I watched live on 9 October, the commemoration of the 110th anniversary of the Xinhai Revolution in Beijing. Then on the Double Tenth Day, I watched, live, the celebrations in Taipei.

The most important quality for China to have at this point in time is one word: charm. You need charm. 

In Beijing, the big picture in the middle was of the “father of modern China”, Sun Yat-sen. But I watched the celebration in Taipei. They never mentioned “110”. There was no mention of the Xinhai Revolution, no mention of the “father of the nation”. They only mentioned 72 years of the Republic of China (中华民国) in Taiwan.

Ma Ying-jeou, Chu Li-luan, they were all very angry. So within Taiwan society, there is a debate.

A formation of airplanes fly during the Double Tenth Day celebration in Taipei, Taiwan, 10 October 2021. (Ann Wang/Reuters)
A formation of airplanes fly during the Double Tenth Day celebration in Taipei, Taiwan, 10 October 2021. (Ann Wang/Reuters)

China has to think, you are involved in an internal debate, that’s no good. You need to make some subtle moves. The most important quality for China to have at this point in time is one word: charm. You need charm. 

It’s easy to say, but how do you achieve it? That’s not easy. You can only achieve it through understanding, in great detail, the person you’re trying to charm. What’s in his mind, what’s in his heart.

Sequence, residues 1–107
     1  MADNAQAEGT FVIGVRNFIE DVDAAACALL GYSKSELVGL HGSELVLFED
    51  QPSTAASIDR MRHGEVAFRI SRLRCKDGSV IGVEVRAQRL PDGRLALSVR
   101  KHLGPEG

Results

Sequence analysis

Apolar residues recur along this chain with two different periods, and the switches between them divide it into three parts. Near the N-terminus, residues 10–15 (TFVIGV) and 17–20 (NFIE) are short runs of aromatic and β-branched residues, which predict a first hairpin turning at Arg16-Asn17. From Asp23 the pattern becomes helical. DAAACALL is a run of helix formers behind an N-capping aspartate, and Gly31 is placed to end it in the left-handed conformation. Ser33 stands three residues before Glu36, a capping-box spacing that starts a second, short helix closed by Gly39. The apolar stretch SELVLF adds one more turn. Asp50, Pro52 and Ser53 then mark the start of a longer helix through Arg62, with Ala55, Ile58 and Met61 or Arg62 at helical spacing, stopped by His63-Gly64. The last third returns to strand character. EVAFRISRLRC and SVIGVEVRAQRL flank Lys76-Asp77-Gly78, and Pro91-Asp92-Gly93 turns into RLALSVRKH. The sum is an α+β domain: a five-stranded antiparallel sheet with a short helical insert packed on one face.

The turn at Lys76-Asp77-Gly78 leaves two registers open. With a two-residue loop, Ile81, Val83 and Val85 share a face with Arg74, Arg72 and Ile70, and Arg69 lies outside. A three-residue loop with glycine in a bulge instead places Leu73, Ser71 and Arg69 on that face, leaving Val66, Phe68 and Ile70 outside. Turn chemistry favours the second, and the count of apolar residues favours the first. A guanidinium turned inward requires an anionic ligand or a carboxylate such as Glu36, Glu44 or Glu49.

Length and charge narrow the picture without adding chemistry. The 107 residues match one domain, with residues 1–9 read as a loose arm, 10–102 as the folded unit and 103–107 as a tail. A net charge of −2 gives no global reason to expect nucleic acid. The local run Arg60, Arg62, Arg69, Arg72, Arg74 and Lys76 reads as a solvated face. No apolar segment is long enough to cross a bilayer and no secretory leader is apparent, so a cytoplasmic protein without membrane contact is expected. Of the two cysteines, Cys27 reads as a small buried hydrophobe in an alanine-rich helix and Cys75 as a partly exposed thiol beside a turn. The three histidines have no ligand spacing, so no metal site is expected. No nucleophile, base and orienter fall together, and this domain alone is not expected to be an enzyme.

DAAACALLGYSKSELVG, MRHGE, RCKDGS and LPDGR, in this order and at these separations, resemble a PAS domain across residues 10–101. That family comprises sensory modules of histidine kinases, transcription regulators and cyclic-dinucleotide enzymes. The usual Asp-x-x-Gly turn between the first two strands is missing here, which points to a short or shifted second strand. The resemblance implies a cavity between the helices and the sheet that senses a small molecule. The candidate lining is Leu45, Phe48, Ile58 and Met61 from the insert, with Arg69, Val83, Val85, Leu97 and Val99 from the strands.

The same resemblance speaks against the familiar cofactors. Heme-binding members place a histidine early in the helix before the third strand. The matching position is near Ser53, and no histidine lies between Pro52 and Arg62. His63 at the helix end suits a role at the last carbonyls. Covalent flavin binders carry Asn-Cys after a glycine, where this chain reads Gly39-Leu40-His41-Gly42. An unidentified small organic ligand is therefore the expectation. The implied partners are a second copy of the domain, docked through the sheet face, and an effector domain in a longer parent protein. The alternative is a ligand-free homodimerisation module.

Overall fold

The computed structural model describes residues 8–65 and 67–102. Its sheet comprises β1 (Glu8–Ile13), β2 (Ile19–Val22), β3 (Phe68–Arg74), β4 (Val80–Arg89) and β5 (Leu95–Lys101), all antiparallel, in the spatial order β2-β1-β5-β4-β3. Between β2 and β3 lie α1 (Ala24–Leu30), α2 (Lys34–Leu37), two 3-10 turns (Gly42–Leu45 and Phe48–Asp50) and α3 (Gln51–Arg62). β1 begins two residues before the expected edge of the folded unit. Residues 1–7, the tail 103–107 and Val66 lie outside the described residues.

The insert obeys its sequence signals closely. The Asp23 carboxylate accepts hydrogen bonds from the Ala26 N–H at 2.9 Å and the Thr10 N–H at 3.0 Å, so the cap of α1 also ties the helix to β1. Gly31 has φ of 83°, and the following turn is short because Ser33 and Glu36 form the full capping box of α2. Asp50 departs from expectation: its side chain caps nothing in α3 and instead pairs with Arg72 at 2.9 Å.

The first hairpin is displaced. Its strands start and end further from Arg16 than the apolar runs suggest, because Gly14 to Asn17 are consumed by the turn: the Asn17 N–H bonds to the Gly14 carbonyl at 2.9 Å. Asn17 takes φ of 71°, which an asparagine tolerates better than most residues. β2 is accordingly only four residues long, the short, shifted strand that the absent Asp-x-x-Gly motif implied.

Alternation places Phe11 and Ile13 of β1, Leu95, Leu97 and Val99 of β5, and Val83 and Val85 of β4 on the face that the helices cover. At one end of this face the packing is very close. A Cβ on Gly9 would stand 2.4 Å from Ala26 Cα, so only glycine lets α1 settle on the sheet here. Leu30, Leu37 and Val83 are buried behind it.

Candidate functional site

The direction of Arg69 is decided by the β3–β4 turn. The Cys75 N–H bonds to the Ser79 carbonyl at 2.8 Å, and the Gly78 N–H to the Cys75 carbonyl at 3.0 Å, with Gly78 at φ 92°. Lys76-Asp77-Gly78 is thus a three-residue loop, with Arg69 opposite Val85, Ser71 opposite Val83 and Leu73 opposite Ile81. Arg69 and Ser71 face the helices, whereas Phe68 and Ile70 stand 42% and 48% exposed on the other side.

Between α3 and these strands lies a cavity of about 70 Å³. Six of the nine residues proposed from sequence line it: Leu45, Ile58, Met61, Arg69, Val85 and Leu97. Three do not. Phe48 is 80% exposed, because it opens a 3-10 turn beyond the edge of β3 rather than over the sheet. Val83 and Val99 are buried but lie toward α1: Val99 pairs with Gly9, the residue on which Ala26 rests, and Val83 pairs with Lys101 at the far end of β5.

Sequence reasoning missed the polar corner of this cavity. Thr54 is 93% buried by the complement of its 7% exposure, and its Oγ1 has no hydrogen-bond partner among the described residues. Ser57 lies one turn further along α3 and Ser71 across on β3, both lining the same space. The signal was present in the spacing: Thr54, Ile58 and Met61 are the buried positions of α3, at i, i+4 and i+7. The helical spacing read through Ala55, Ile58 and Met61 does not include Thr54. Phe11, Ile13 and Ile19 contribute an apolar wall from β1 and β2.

On China-Japan relations

I think the Japanese are in a very sad situation. They want to be a normal nation, but they cannot be a normal nation.

This is the Japanese perspective, which I think we should understand. After the Second Opium War, any Japanese ship landing on the China coast along the Yangtze River would be inspected by Westerners. So the Japanese knew that if they did not change quickly, they would suffer the same fate as China. And their great fear was Russia.

Because Russia was coming down from Manchuria all the way to the Liaodong peninsula. Japan was not afraid of China. China was too weak. They were afraid that Russia would come down into Korea and threaten Japan. So in their own mind, they had to move to protect themselves, by moving into China. Of course, they did terrible things.